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Beer Review #243 West Coast IPA

Today we have Green Flash Brewing Company’s claim to fame, West Coast IPA. I first heard of Green Flash via praise for this beer. Being a lifelong (minus one year in Texas) east coaster, I have a bit of a different take on what an IPA should be compared to my left coast beer lovers. Everything I heard about West Coast IPA told me that this beer took a hoppy west coast IPA and hopped it up more.

West Coast IPA pours a nice burnt orange color has has a thick off-white head. I actually had to leave the head settle for a bit so that I could empty to full bottle into my glass. The nose is a punch of bright citrus and pine homes.The bottle reads “extravagantly hopped,” and boy did this one smell like it. There was a slight hint of malt behind the mountains of hops. I didn’t get any heat which I was expecting to find as this beer comes in at 7.3% ABV.

After I gave my nose a break from the hops assault, I dove into the beer. A strong bittering hop hits you right away and a citrus/pine hop flows through the entire beer. There is a solid malt backbone that supports all of the hops, but I couldn’t identify any particular flavor in the malt. The beer finishes with one final hop kick that fades as you drink the beer.

I really liked this one. It’s super hoppy and lives up to the hype. For a beer that is so hop forward, I found that the body supported the hops very nicely. I’m going to be getting this one again. (more…)

Beer Review #238 Hoptimum

Recently I have really been in the mood for IPAs. I brewed a Belgian IPA a month ago and I am brewing an American IPA this weekend. But before these beers were ready, I had to satisfy my need desire for a solid IPA. In comes Hoptimum from Sierra Nevada Brewing Company. I didn’t know anything about this beer when I grabbed it other then the fact that I loved the bottle art (I’m such a sucker for good bottle art). When I got home I got around to reading the label and I was met with a “whole cone imperial IPA. 100 IBUs. 10.4% ABV.” Well that sounds like something that might fix my desire for a solid IPA.

Hoptimum pours a nice orange color with a medium thick white head. It looks like an IPA and the head stuck around longer then I would have thought with the high ABV percentage. The nose is packed with hops. This thing screams hops. In my opinion a lot of Sierra Nevada hop odors tend to be on the piney side and this beer is no exception. I also picked up a slight twinge of heat.

The taste is just raw, intense hops. I didn’t really get anything in the malt world, but just piney, delicious hops. This beer certainly hit the mark for a guy who wanted a solid IPA. I wouldn’t want a newcomer to craft beer to even sniff this one, but for me, it was perfect. (more…)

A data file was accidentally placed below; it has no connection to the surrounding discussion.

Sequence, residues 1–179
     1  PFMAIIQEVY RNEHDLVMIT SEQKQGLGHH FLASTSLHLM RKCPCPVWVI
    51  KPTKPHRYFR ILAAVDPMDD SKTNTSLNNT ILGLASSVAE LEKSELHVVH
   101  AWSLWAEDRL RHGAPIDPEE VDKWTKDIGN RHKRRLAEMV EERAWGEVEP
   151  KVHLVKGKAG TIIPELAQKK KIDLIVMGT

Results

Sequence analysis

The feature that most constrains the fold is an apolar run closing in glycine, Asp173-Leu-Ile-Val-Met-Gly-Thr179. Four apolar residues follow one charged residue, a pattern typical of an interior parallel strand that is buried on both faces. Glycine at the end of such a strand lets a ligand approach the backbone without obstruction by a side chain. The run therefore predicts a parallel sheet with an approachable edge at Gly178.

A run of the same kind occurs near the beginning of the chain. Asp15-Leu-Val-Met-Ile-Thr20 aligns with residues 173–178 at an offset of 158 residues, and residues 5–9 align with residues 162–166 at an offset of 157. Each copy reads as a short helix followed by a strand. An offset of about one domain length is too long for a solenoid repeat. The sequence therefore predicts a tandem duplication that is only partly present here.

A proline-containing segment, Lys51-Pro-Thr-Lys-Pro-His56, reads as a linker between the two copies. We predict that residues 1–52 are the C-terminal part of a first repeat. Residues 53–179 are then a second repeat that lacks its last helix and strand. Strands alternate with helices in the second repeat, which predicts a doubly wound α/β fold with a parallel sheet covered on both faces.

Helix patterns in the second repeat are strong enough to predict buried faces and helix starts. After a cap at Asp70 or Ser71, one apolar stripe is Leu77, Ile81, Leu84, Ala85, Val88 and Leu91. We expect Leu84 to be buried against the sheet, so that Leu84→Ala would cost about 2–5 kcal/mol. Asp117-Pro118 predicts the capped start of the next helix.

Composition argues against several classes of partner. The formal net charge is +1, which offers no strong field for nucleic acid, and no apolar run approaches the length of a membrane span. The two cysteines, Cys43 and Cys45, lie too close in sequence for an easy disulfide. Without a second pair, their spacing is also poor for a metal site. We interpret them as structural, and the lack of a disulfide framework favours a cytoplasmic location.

Beer Review #184 Union Jack IPA

In the past few years I have heard a whole lot about Firestone Walker Brewing Company and how amazing their beers are. Until recently, they have not distributed to my area and I haven’t been to an area that they did distribute to so I was SOL. Imagine my surprise when I was browsing the shelves of the beer store and stumbled upon a whole bunch of Firestone Walker beer. Now I didn’t get to grab as many as I wanted, you know budgets and all of that, but I did grab a Union Jack IPA. I have been on a slight IPA kick recently, and generally west coast IPAs do a good job of filling my IPA need. Firestone Walker is located in Paso Robles, CA and a quick Google search shows that area being in the middle of Los Angles and San Jose, IPA country.

A nice orange colored liquid flows out of the stout bottle along with a fluffy white head. The nose is pretty sweet with a good mix of hop aromas. There was lots of grapefruit and pine to go around with this one. Union Jack IPA is 7.5% ABV and I didn’t get a single drop of that on the nose of this beer.

There is a light malt flavor on the front end of this beer which is then follow by a healthy kick of hops. They are mainly citrus in flavor. I found them to be a wonderful mix of crisp but also lasting. By that I mean that the beer finishes out, but a fresh hoppy aftertaste stays. This isn’t like some hops that just stay on your tongue and don’t leave, these hops are squarely in the aftertaste realm.

I really dug this IPA. I found everything about it refreshing. It was perfectly balanced and didn’t have a ton of piney hops. The hops really flowed in well and then faded out. I might have to pick up more Firestone Walker beers if this beer is any indication of the quality of beer they produce. (more…)